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U.S. Architecture: The Love and Lore of Log Cabins

No house style exemplifies our national identity as sweetly as the humble log cabin — just think of Lincoln's birthplace.

The American landscape is covered with houses built in unique and fanciful styles — from Victorian folk Gothic to Arts and Crafts — but nothing pledges allegiance to our national identity as sweetly as the humble log cabin.

"It recalls pioneers in the wilderness, felling trees and turning them into honest, simple shelters — the kind of place Abe Lincoln was born in," says architect Robert A.M. Stern. "Its spirit is irresistible to all of us."

That spirit is so appealing that Barbara Martin of the National Association of Home Builders estimates that 25,000 new log houses went up last year. Our love of logs is as basic as our love of trees. Because logs are durable, there is no need to cover the exterior of a log house with shingles or clapboards or to smooth over the interior with plaster or wallboard.

"The beauty of log construction is that it provides its own structural logic — and even its own insulation," says Stern. "What you see is what you get, and this is why everyone loves logs."

That wasn't always the case. The log cabin was not the first form of housing in colonial America. The Pilgrims came with a taste for late-medieval architecture: post-and-beam construction, sawn-plank siding and diamond-paned windows.

Log houses did not become popular here until the westward expansion of the 18th century. And they were rarely intended to be permanent. Like sod houses, log cabins were temporary shelters built for use only until settlers could afford something more elaborate, often constructed in a fashionable style of the day.

When the frontier closed in 1890 and the industrial revolution shifted into gear, the yearning to recapture America's lost wilderness — a nostalgia promoted by both writers and painters — triggered a revival in log construction, although the structures were more like mansions, less like the Little House on the Prairie. The most interesting and grand examples were built in the Adirondacks of northern New York State.

There, log-style summer "camps" for the rich rivaled the glorious "cottages" in Newport, Rhode Island.

To judge by the numbers being built, log houses have again become

fashionable, many as vacation, retirement or weekend houses for


"They work best with the woods and the mountains surrounding them. You won't really find them in the suburbs," says Ken Thuerbach, the owner of Alpine Log Homes in Victor, Montana. Like the previous revival, this may also be a reaction to technology.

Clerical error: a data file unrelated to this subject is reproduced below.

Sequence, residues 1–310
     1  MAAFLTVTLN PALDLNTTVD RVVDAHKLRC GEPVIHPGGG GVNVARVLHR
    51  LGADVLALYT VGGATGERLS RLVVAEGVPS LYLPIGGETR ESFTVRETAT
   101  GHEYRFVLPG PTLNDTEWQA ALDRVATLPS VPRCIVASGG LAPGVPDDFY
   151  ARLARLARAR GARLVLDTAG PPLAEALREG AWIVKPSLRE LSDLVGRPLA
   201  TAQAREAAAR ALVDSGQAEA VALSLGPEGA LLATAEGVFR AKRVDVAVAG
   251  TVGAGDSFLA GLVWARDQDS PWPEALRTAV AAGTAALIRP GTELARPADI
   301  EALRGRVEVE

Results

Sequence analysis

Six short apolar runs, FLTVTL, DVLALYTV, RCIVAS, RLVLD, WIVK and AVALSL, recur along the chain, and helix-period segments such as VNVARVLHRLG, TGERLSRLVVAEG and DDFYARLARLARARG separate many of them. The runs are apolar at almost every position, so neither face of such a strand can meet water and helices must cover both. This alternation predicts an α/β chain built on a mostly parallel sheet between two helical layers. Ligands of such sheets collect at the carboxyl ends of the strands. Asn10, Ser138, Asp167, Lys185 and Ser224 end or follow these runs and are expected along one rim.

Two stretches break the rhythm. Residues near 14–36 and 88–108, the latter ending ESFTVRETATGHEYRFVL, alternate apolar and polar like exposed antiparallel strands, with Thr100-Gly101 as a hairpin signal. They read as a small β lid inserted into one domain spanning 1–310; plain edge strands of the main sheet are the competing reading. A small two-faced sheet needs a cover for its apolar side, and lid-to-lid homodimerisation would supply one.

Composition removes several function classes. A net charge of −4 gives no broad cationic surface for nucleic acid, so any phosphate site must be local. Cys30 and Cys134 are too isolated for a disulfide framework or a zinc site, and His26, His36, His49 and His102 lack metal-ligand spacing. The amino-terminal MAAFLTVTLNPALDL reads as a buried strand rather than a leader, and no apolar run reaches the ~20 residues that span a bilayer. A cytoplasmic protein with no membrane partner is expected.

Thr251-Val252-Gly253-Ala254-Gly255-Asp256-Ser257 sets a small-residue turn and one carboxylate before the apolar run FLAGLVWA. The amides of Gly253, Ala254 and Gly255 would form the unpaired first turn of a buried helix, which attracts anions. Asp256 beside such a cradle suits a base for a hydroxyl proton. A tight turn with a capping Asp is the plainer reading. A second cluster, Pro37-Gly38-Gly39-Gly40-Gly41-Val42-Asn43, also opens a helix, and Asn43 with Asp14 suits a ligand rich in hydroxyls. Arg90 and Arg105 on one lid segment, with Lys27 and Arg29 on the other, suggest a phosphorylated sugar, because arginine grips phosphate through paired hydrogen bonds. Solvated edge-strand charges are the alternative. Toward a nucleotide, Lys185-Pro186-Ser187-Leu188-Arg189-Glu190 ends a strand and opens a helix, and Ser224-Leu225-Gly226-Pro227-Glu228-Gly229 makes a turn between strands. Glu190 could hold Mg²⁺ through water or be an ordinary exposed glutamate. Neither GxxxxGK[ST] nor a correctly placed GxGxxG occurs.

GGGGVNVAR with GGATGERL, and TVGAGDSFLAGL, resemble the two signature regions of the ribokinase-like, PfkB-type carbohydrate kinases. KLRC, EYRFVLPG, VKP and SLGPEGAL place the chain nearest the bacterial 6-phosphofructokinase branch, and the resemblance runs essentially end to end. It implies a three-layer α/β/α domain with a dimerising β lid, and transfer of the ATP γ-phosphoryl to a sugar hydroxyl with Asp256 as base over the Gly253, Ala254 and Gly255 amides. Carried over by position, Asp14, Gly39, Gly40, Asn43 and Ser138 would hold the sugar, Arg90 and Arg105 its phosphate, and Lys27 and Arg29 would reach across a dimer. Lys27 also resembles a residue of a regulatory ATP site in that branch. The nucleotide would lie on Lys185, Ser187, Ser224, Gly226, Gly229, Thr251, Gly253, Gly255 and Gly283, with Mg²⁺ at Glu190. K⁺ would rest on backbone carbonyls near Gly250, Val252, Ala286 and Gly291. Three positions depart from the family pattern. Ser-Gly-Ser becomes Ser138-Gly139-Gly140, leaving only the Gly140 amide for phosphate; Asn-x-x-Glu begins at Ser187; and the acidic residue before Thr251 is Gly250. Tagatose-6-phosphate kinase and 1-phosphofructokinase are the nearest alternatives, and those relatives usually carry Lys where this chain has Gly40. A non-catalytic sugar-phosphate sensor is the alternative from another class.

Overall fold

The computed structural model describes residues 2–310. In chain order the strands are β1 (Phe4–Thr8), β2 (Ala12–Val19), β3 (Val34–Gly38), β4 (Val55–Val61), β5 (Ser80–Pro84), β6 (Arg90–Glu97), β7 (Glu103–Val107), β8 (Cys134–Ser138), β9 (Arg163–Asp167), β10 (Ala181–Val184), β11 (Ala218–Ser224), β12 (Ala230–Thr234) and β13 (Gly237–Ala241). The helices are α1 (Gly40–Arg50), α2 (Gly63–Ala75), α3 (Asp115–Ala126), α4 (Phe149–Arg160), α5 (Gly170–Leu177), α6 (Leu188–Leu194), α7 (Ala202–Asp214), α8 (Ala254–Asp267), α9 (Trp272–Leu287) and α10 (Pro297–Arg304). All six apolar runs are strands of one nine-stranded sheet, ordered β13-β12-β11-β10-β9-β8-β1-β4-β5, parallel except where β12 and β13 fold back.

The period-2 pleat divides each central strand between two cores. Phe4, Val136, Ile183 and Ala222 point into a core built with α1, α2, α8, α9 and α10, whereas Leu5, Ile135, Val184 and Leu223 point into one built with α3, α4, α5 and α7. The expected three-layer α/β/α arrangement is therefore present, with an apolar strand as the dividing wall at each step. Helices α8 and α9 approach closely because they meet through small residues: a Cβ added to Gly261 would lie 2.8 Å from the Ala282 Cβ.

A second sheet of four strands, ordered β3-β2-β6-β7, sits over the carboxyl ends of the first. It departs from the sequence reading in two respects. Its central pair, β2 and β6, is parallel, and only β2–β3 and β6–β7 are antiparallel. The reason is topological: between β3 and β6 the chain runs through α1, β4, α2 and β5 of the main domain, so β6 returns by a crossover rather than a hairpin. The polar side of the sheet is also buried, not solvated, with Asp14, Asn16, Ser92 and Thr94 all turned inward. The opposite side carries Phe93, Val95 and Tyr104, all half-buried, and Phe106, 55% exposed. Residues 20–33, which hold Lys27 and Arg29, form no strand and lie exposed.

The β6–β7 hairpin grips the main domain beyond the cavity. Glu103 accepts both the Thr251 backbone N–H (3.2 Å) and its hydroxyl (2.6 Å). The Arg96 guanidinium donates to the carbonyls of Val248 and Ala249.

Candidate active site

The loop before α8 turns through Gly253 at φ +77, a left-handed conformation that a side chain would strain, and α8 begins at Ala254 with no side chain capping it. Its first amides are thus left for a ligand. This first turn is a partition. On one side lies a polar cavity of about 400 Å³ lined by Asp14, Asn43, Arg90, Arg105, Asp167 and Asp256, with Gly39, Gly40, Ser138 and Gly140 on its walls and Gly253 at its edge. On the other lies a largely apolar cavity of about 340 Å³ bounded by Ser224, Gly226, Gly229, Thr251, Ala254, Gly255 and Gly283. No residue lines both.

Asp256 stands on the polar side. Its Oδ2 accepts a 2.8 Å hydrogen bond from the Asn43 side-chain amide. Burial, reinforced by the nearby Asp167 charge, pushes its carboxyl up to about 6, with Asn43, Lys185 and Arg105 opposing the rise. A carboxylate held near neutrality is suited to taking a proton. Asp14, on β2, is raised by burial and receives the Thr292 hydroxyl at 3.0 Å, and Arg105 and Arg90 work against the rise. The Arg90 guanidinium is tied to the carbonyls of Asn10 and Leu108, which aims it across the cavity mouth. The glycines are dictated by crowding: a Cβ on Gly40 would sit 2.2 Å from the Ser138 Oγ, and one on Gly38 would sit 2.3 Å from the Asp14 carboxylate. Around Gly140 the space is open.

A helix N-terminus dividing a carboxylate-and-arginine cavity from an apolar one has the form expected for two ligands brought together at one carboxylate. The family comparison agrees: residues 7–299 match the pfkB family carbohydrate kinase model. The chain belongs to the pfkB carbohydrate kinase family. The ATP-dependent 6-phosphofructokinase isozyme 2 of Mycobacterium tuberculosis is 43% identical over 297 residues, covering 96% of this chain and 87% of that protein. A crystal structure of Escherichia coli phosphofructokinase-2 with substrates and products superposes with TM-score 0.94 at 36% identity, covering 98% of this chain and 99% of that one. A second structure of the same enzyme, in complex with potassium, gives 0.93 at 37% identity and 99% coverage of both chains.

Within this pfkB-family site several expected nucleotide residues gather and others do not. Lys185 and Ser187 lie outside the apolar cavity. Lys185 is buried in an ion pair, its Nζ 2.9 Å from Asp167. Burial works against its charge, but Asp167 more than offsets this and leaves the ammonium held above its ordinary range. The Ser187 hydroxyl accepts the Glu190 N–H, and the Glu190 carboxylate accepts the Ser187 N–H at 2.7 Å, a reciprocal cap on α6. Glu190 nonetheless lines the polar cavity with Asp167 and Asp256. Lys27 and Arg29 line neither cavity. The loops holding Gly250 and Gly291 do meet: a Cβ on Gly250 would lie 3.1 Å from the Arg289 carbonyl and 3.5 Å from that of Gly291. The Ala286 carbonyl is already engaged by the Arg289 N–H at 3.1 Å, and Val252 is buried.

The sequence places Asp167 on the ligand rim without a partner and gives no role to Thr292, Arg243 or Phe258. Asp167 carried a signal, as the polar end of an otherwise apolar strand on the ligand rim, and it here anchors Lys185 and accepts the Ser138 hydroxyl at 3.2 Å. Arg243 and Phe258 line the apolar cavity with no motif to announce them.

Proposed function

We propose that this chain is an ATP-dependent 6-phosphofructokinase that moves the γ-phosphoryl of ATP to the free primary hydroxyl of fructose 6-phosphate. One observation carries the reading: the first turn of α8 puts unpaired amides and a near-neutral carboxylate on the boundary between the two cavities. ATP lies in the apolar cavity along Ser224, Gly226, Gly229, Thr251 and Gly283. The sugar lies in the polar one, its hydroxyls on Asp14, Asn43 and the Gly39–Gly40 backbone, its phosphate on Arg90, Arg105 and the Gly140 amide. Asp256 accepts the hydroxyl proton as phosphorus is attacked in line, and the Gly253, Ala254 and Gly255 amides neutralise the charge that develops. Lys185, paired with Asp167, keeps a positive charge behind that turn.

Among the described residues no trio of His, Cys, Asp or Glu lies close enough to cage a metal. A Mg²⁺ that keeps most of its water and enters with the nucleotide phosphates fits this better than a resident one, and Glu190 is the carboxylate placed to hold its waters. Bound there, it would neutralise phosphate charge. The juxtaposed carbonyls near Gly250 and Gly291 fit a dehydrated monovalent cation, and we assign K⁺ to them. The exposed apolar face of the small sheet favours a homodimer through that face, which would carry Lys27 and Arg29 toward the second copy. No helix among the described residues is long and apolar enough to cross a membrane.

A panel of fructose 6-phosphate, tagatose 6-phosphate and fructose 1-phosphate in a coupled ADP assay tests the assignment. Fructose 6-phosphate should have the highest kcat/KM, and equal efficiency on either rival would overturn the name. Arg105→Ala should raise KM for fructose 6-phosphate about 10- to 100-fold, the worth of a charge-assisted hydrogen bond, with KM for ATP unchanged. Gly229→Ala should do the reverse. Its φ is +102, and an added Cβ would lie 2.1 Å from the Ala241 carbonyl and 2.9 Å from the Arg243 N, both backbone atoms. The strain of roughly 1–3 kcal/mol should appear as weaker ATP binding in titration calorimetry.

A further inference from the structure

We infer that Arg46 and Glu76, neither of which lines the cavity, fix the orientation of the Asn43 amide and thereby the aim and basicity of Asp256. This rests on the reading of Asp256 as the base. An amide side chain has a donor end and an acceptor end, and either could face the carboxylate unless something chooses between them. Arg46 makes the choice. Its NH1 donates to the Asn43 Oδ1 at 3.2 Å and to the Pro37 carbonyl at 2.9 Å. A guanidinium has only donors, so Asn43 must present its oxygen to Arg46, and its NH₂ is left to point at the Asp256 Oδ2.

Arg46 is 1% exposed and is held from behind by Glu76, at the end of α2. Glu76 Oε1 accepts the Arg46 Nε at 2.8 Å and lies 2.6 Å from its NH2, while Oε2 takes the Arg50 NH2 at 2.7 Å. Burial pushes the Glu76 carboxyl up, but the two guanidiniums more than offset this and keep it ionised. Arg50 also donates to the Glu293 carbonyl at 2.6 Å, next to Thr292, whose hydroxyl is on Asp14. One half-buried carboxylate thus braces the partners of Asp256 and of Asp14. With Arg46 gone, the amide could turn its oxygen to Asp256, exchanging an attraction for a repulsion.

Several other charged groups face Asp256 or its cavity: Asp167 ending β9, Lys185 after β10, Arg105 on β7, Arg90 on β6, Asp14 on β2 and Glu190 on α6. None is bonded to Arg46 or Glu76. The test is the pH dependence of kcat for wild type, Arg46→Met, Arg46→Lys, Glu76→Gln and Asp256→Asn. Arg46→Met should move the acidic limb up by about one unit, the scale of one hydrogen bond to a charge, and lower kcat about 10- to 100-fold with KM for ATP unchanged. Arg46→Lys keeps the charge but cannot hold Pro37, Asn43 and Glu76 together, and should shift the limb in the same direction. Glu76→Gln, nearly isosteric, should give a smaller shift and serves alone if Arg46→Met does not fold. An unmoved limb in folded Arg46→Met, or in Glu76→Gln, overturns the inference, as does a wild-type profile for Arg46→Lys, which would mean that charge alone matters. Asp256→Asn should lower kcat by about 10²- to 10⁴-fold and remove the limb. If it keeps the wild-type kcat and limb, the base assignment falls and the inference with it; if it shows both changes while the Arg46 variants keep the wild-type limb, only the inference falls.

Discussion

"The more industrialized we become — or as today the more computerized we become — the more dissociated we are from real things," says Stern. "With a log house, we can return to living at least a part of our time in a more natural way."

Today's log houses have little in common with Lincoln's fabled

birthplace or even with the log toys that bear his name. Instead,

architects use logs in creative ways that are more connected with the

Adirondack camps of the past.

Stern designed a 14,000-square-foot

retreat in the Colorado Rockies that marries log construction to the

Shingle Style, for which he is perhaps most famous. By adding a steel frame, he was able to build longer spans than logs alone would have allowed, and the cedar-shingled gables give variety to what could otherwise have been a monotonous exterior.

To soften the boxy quality inherent in a log cabin, Stern changed the geometry by adding one wing on a diagonal.

"Architects have taken this style, which represented the first effort of a people in a new land to scratch together a shelter, and lifted it up to these huge houses built in the log manner," he says. "Yet no matter how big, the spirit of rusticity remains."

Not everyone adores the result. This Old House founder Russ Morash finds a great deal of charm in older log structures but seldom likes newer ones. "Log houses are visually active — perhaps too active. I don't like my eye dancing around from log to log, over their round ends, through crevices, then back out the other side," he says. "You run the risk of having a house look contrived if you try to impose a Ye Olde Frontier look on a modern landscape."

Stern agrees. Designing with logs demands an enormous amount of

creativity. For example, in bathrooms and small bedrooms, where logs

might make the space seem claustrophobic, Stern uses them sparingly.

Yet he allows himself to go log-wild in larger rooms, bringing in

sunlight through massive windows, an embellishment beyond the means of the average pioneer. "The rooms fill with wonderful golden colors, quite unlike anything else," he says. "When it's done correctly, it's

easy to see why the romance with log houses endures."